photo via RAN
Environmental groups and community members have been warning about Arch Coal's proposed Spruce No. 1 Mine in Logan County, West Virginia, saying that the mine, among the nation's largest proposed mountaintop removal site, would devastate the area around it. Apparently, the EPA is listening, and yesterday it made an announcement that a federal regulator recommended weeks ago to revoke the mine's permit.Shawn M. Garvin, the Environmental Protection Agency's regional administrator for the Mid-Atlantic, said the mine "would likely have unacceptable adverse effects on wildlife."
For the past several months, there have been protests against the mine, including one with Dr. James Hansen of NASA. The project was approved by the Bush administration in 2007, which would involve blowing the tops of mountains over 2,278 acres to harvest the coal beneath. The waste would be dumped into the nearby waterways, creating untold damage.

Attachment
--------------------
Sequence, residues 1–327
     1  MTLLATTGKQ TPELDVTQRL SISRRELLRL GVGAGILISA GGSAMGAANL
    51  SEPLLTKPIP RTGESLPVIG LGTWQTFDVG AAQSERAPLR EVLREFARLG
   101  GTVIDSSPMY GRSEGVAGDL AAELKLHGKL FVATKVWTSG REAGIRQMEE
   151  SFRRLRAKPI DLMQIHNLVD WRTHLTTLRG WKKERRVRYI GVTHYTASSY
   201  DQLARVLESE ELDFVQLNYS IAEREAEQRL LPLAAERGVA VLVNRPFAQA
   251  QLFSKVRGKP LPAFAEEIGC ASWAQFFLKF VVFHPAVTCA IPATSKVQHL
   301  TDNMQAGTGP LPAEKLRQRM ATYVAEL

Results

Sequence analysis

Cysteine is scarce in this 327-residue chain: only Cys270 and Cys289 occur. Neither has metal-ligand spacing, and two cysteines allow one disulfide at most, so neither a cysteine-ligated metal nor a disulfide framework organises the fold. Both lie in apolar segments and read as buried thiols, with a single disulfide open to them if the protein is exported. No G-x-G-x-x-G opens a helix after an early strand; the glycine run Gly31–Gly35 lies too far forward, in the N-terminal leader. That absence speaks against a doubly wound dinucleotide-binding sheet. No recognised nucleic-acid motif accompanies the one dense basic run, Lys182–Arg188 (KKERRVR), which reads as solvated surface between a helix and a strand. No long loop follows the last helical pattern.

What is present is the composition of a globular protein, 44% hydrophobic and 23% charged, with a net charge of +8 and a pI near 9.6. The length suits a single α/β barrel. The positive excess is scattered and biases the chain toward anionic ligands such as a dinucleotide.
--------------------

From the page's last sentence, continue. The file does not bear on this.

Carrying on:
Naturally, Arch is up in arms over the recommendation. Kim Link, a spokeswoman for Arch Coal, said in a statement:
"If the E.P.A. proceeds with its unlawful veto of the Spruce permit -- as it appears determined to do -- West Virginia's economy and future tax base will suffer a serious blow."
A final decision is expected by the end of the year.